Julie RandallAn Oglala Sioux and an enrolled member of the Cheyenne River Sioux tribe in South Dakota. Born and raised in the Bay Area, CA, Julie attended UCSC in 2001 pursuing a degree in Environmental Studies. While attending UCSC, Julie was also a 3-year member of the women's basketball team, earning All-Independent achievements by the Association of Division III Independents and set a school record for most blocked shots in a season. Graduating in 2005 with a BA in Environmental Studies and an emphasis in Environmental Justice, Julie's research focused on uranium mining in the Black Hills of South Dakota and the environmental, social and health impacts to Lakota communities living on and off the reservation. Julie is currently working as an engineering technician for an environmental consulting company performing groundwater monitoring and sampling. She is also applying to graduate school to pursue a Masters degree in Environmental Science and Management.
Melissa K. Nelson, Ph.D.,A writer, educator, researcher, and activist. Her work is dedicated to indigenous revitalization, environmental protection and restoration, and the renewal and celebration of community health and cultural arts. She is a professor of American Indian Studies at San Francisco State University and received her doctorate degree in Cultural Ecology/Native American Studies from the University of California, Davis. She completed her undergraduate degree at the University of California, Santa Cruz where she received highest honors for her independent major in Integrated Ecology. She is also the president of The Cultural Conservancy (TCC), an indigenous rights nonprofit organization. Melissa served as TCC's executive director from 1993 to 2006. In 2005 she co-produced the award-winning documentary short film The Salt Song Trail - Bringing Creation Back Together and a musical CD, Songscapes of Native America. Her essays and writings have been published by Harvard University Press, MIT Press, University of California Press, and various academic and popular journals. Melissa is an enrolled member of the Turtle Mountain Chippewa Tribe.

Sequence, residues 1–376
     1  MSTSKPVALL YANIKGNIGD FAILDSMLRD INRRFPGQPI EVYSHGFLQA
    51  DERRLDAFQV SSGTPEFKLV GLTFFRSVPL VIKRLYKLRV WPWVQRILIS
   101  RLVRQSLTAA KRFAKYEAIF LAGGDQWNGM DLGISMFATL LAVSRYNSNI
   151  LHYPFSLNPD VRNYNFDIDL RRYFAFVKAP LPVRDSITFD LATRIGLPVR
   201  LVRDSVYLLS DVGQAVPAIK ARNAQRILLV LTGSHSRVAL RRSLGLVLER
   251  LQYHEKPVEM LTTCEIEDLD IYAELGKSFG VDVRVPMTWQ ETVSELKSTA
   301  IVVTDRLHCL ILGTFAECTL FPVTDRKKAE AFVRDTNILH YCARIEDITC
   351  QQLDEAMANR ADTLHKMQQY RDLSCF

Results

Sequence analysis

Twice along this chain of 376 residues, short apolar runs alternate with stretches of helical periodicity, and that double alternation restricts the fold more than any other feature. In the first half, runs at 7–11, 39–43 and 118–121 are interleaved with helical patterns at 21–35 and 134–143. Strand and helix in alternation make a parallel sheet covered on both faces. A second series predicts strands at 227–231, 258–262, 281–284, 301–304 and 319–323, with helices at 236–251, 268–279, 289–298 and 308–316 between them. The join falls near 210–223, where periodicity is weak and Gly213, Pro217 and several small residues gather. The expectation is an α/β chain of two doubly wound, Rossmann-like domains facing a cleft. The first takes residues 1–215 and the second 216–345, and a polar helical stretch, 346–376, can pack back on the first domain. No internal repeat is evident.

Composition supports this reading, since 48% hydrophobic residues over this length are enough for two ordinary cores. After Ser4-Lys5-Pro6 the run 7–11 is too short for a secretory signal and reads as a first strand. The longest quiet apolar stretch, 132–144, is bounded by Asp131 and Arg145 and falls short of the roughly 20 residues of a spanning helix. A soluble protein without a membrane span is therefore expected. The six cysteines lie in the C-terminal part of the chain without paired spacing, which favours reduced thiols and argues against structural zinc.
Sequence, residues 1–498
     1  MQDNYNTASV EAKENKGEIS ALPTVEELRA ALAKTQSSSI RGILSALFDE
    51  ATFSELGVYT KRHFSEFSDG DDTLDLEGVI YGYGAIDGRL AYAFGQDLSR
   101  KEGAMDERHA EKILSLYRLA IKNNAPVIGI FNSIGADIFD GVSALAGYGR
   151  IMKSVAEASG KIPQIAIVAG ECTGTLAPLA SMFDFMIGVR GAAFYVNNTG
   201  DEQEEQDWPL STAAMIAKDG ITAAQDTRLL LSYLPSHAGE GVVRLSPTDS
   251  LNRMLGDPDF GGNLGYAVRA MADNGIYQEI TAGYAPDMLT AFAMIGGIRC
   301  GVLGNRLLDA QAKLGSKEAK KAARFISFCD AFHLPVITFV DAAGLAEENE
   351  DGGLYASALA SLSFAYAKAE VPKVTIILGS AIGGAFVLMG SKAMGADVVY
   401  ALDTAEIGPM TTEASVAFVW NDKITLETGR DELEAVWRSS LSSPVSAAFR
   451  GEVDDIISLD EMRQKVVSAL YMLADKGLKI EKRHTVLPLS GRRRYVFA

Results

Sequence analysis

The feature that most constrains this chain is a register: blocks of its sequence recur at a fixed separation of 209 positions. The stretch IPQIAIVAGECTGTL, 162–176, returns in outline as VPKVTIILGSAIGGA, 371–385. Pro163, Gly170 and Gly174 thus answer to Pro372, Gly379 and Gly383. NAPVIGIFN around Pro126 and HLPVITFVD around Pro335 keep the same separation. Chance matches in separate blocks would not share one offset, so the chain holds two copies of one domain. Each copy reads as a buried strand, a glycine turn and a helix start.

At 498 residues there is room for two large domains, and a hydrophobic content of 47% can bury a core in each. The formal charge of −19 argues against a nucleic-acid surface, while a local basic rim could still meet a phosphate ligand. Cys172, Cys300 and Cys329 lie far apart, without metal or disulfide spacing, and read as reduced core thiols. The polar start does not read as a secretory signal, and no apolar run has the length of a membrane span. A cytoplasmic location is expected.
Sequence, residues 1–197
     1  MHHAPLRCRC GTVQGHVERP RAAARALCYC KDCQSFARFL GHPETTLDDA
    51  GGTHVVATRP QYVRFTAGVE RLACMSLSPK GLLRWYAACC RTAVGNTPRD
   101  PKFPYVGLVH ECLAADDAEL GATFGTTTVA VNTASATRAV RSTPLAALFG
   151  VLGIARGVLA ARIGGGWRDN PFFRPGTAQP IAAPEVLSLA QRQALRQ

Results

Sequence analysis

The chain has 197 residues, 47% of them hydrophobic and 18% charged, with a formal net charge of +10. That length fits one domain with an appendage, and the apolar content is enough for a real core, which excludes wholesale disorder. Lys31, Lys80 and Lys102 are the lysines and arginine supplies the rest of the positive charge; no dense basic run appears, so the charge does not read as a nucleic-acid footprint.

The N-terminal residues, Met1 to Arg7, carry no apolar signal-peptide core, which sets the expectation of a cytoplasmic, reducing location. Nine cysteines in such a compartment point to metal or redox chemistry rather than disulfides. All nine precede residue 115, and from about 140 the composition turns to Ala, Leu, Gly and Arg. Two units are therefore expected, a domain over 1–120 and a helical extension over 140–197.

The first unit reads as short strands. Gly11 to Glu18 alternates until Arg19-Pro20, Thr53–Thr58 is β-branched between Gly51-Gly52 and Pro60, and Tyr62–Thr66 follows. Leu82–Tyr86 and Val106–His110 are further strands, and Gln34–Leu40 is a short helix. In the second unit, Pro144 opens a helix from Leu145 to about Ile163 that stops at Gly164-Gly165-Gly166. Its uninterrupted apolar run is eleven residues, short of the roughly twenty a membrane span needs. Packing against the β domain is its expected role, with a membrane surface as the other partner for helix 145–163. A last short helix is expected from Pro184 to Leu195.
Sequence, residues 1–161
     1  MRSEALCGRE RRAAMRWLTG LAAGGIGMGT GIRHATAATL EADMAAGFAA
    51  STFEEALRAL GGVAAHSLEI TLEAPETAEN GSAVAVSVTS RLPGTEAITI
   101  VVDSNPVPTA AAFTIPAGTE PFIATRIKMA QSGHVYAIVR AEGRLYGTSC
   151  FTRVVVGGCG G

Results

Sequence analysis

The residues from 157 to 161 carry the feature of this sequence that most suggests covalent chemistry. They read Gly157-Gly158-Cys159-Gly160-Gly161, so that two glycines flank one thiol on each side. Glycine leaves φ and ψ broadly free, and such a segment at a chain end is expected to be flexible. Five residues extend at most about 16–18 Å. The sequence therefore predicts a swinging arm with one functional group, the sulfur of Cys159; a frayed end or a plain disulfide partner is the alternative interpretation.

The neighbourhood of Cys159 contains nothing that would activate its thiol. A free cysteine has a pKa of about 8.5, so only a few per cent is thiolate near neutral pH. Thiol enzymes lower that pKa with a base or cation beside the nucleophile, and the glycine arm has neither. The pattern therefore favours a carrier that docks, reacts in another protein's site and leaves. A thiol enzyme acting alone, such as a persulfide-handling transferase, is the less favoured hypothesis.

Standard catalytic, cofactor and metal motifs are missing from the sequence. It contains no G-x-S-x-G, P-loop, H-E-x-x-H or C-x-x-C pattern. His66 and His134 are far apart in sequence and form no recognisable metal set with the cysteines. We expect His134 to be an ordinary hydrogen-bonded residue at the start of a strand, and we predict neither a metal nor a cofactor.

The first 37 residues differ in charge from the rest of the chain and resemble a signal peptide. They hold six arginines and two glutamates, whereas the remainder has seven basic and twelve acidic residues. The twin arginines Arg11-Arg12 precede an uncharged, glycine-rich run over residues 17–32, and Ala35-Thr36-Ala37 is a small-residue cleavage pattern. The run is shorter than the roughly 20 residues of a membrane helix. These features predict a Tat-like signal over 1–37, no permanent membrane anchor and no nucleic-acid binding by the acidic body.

Claradina Soto (Navajo/Pueblo) was born and raised in the Bay Area of California. She is a first year doctoral student in the Health Behavior Research program at the University of Southern California. She received her B.A. in Community Studies from the University of California, Santa Cruz and her MPH from USC. Mrs. Soto completed her field research for her undergraduate thesis in Shiprock, New Mexico where she conducted interviews with former Navajo uranium miners, millers, and families living in close proximity to un-reclaimed mines on the Navajo Nation reservation. Since then, she has continued to work with the American Indian populations in health promotion, access, and education. After graduating from UCSC in 1997, she worked for about 6 years in the field of case management and as a health education specialist where she provided information, health education and disease prevention to the American Indian and Alaska Native populations in California. Currently, as a doctoral student at USC, she manages a research project titled, "Culture and tobacco use among American Indian adolescents," to identify the general and cultural specific risk and protective factors for their tobacco use. In a previous grant, she coordinated and facilitated focus groups among Californian urban and rural American Indian adolescents to understand psychosocial risk factors and protective factors with tobacco use where study's findings have been presented at national conferences. She currently serves as an Advisory Committee member with the American Indian Tobacco Education Partnership and as a member of the American Indian / Native American Breast and Cervical Cancer Taskforce, Partnered for Progress. Additionally she has conducted tobacco control joint activities with the African American, Hispanic/Latino, and Asian and Pacific Islanders populations. She strives to reduce the smoking rates among ethnic populations in California and nationwide as well as promote the well being of the diverse populations she works with.
Mischa PlunkettGraduated from UCSC in 2003 with a B.A. in Psychology and a minor in Sociology. At UCSC she was a member of the Women's Basketball team and the Student Alliance of North American Indians. After graduating she worked in the Athletics Department for 3 years, spending 2 years as the Sports Information Director and Assistant Women's Basketball Coach. Mischa is currently pursuing her M.Ed in Sport and Recreation Administration at Temple University and plans on interning at Haskell Indian Nations University next year.